A study from Shchanitsyn et al., was aimed at comparative analysis of the transradial versus transfemoral approach used in carotid stenting. They retrospectively analysed the results of transradial and transfemoral stenting of carotid artery in a total of 168 patients. The operations had been performed in two centres over the period from 2012 to 2017. They evaluated the clinical and angiographic data, technical aspects of the operations, as well as the outcomes and complications. In particular, they compared such complications as stroke, transient ischemic attack, myocardial infarction and local complications of the approach. They carried out a univariate analysis of the risk for the development of complications depending on the method of the approach. Stenting of carotid arteries had been performed in 75 patients through the radial artery approach and in 93 patients via the femoral one. Comparing the two groups, the main clinical and angiographic data appeared to have no statistically significant differences. Various techniques of catheterization had been used depending upon anatomical peculiarities. The success of the procedure was achieved in 100% of cases, with the frequency of conversion amounting to 4% for the radial approach and to 1% for the femoral one (p=0.087). Amongst complications encountered, disabling stroke was revealed in two (1.2%) patients and minor stroke in four (2.4%). The groups did not differ by the incidence of neurological complications. Within 30 postoperative days neither lethal outcomes nor myocardial infarction were registered. Neither were there haemorrhagic events or other approach-related complications, however in the transradial-approach group, seven (9.3%) patients were found to have developed asymptomatic occlusions of the radial artery. The duration of the operation, the radiation load, and the length of hospital stay had no statistically significant differences depending on the approach used. Hence, the transradial approach is an effective and safe method in stenting of carotid arteries. In patients with high risk of haemorrhagic complications from the side of the vascular approach and with difficult anatomy of the aortic arch and its branches, hampering catheterization of the carotid artery via the femoral approach, the radial artery may be considered as an advantageous site of access 4).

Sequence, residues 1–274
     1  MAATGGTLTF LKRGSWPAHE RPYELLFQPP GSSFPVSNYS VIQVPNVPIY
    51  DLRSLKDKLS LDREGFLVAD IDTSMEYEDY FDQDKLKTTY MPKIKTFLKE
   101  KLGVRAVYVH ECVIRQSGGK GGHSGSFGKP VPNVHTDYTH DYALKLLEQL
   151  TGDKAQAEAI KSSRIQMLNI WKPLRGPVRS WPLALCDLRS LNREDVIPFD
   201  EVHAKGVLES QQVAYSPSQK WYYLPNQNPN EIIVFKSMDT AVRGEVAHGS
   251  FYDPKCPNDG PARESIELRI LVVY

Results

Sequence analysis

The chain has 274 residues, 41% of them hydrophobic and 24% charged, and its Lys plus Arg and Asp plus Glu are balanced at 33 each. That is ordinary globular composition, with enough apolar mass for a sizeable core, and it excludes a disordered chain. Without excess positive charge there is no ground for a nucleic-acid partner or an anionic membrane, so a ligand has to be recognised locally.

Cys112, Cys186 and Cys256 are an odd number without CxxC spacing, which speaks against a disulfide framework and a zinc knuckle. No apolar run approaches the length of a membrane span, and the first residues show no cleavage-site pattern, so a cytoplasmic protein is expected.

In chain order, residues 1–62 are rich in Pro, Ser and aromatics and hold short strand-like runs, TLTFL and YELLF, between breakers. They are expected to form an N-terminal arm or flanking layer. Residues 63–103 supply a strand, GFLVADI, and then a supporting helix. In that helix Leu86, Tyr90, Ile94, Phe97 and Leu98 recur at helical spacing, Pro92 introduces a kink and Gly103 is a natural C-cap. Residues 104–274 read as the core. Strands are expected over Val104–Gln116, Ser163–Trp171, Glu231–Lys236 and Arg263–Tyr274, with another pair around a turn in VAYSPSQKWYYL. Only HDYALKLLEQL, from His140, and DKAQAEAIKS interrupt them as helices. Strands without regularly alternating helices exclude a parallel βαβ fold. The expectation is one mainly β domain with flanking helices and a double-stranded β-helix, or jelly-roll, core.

Transfemoral stenting of common carotid artery stenosis origin is technically difficult because of poor stability of the guiding catheter.

Four patients (5 stenotic lesions) with stenosis of the common carotid artery (CCA) origin underwent transfemoral stenting with a balloon protection device (PercuSurge GuardWire; Medtronic, Santa Rosa, California). These 5 stenotic lesions of the CCA origin included 1 on the right side and 4 on the left side. Two of the stenoses were symptomatic, and 3 were asymptomatic. A balloon-expandable stent (Express LD stent; Boston Scientific, Natick, Massachusetts) was used in all patients.

All stenoses were successfully dilated. With the balloon protection device as an anchor in all patients, the guiding catheter was highly stable during the procedure. There were no intraprocedural or periprocedural ischemic complications in any patients. None of the patients developed a stroke during a mean follow-up period of 8.4 months.

The anchoring technique using a balloon protection device is useful for transfemoral stenting of stenoses at the CCA origin 5).


For a period of 28 months, 31 patients with carotid artery stenosis , most of whom were considered at high risk for carotid endarterectomy (CEA) (87%), underwent treatment with CAS in conjunction with either the PercuSurge GuardWire (n = 19; Medtronic, Minneapolis, Minn), the Cordis Angioguard filter (n = 7; Cordis, Warren, NJ), or the ArteriA Parodi Anti-embolization catheter (n = 4; ArteriA, San Francisco, Calif) with US Food and Drug Administration-approved investigational device exemptions. Factors that made CEA high risk included restenosis after CEA (n = 6), hostile neck (n = 6), high or low lesions (n = 4), and severe comorbid medical conditions (n = 11). Preoperative neurologic symptoms were present in 58%, and the mean stenosis was 85% +/- 12%. Data were prospectively recorded and analyzed on an intent-to-treat basis. Neurologic evaluation was performed before and after carotid artery stenting CAS by a protocol neurologist.